Back in my day, college wasn't that expensive. If I recall, it was about $650 per quarter, for instate tuition at a public university. I worked on campus and made $10 per hour, so tuition wasn't more of an inconvenience than anything else. I realize that times have changed.
I think a gap year, or two, is a great idea. School is a sheltered existence. Working is great experience. But if I may suggest further, I'd say don't just work for your parents. You probably already know that business. Unless they really need you, then I'd say look at other options, in a field you might be interested in working in.
My first job was at McDonald's. I worked there for a couple of years, and learned a great deal. Then I worked as a secretary in an architect's office. Then I got into the temp pool at the University, and got to work in all kinds of different places on campus. One of my jobs was driving brain surgeons who were in town for a conference from their hotel downtown to the conference on campus. Even I thought that was a bad idea: A 20 year old kid driving a van full of the top brain surgeons in the country! But it sure was interesting.
Here is the thing: Once you get out of school and get tracked into a job, and a family, etc, your freedom and options get very limited. This is one of the few times you get to be really, really free. Unfortunately, most people don't recognize it or take advantage of it at the time.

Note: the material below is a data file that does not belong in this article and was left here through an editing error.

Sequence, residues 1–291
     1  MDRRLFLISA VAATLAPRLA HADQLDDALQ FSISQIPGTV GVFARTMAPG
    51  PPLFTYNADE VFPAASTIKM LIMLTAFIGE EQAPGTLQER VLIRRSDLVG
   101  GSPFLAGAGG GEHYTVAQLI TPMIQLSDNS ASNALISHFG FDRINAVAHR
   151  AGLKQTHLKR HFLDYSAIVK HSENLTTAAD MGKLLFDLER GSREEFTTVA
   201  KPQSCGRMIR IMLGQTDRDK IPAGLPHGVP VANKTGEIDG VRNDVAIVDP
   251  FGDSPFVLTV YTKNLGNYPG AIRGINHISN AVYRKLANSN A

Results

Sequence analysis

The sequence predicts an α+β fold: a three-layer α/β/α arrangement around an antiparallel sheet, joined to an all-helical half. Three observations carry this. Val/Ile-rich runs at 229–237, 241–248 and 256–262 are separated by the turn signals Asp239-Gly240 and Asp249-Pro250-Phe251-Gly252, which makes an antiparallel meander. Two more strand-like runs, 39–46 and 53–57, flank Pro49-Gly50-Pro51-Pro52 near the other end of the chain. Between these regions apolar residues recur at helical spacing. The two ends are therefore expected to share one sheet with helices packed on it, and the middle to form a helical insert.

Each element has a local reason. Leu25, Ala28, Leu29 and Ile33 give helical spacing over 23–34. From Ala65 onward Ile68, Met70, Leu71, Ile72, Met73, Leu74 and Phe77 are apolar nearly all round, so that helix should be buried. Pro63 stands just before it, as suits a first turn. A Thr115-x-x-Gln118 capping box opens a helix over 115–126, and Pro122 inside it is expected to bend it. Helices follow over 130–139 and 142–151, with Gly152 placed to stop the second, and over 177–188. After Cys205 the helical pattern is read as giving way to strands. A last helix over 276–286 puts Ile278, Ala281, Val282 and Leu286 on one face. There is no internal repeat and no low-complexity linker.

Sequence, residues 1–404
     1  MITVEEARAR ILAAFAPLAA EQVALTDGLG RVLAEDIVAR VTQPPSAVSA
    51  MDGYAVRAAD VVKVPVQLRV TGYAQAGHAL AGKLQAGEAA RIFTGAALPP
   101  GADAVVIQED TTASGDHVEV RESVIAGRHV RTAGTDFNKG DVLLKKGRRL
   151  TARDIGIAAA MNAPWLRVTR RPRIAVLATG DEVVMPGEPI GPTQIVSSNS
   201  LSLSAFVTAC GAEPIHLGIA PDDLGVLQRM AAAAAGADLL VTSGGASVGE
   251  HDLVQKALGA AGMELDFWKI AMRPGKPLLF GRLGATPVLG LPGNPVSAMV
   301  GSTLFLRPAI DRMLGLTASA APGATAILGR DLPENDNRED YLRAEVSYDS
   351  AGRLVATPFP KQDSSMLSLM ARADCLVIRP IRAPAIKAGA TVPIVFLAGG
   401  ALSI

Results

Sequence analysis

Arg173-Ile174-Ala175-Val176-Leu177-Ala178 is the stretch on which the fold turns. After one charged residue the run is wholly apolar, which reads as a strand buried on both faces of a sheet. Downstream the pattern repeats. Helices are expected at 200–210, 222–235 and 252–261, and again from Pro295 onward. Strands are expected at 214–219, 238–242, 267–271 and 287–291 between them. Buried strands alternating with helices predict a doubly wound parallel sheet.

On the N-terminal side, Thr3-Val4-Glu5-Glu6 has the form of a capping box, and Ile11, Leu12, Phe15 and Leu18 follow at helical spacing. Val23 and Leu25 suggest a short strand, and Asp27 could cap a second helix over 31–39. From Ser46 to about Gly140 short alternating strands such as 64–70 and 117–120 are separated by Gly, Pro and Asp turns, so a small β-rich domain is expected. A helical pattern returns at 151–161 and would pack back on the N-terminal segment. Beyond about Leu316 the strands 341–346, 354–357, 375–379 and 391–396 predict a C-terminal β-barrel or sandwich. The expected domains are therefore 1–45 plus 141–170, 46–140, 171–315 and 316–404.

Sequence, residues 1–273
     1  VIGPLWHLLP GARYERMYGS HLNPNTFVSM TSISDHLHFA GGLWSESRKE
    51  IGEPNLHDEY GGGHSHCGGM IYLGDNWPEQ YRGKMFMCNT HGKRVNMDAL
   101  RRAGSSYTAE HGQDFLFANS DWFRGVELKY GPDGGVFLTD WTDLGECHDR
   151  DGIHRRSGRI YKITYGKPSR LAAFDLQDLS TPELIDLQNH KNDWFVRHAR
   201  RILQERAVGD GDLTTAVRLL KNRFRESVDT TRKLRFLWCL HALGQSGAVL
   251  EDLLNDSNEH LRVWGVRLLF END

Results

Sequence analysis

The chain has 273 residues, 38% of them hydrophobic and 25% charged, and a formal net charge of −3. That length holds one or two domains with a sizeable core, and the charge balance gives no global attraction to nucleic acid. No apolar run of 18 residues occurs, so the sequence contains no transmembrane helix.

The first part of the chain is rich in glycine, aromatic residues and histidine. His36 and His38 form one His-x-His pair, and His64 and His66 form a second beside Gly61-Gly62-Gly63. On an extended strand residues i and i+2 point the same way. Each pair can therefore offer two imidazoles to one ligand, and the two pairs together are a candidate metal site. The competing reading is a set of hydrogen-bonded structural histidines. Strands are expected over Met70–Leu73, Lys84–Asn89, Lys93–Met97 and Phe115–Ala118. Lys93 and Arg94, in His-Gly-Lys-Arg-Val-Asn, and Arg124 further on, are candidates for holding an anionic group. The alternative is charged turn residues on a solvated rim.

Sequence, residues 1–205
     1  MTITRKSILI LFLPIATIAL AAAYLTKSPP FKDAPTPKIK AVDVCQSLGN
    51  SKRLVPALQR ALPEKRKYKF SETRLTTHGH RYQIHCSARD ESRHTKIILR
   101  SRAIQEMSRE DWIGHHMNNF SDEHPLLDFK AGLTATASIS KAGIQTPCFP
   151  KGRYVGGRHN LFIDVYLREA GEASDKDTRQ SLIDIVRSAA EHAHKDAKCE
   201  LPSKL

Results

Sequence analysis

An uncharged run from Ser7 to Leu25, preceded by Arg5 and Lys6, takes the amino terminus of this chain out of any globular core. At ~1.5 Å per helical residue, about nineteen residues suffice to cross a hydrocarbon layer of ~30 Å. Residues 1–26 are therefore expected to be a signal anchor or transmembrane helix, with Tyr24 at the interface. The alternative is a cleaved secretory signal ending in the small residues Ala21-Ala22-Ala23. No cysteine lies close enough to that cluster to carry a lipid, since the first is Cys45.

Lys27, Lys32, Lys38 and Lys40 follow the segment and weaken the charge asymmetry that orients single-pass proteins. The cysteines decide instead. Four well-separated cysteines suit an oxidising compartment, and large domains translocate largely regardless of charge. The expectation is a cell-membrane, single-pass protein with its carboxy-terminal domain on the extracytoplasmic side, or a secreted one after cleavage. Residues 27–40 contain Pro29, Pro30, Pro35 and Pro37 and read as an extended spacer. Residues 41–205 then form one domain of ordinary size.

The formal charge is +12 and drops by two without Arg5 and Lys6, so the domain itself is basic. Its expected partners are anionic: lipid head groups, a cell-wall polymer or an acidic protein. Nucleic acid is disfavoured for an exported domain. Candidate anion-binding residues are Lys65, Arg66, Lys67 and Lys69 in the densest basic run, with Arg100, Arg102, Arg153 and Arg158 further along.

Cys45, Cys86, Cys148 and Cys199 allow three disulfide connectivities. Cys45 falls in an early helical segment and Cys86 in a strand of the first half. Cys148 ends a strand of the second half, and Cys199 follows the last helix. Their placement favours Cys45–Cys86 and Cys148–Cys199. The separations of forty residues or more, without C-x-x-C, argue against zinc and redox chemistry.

Don't worry about being "on schedule." Everyone has their own schedule. Take a couple years off. And if possible, go travel!
When I was 19, after my first year of college, I dropped out and went to go teach English in Japan. That was another complete trip.
I tell you these things as a reminder that you are the architect of your own life. You can really do whatever you want to, if you put your mind to it.
If you haven't seen it, watch Steve Job's 2005 Stanford University commencement speech. If you haven't seen it, it is awesome:
Steve starts talking around 7:00.
Best of luck, and welcome to the Daily Paul!
It is no measure of health to be well adjusted to a profoundly sick society. - Krishnamurti.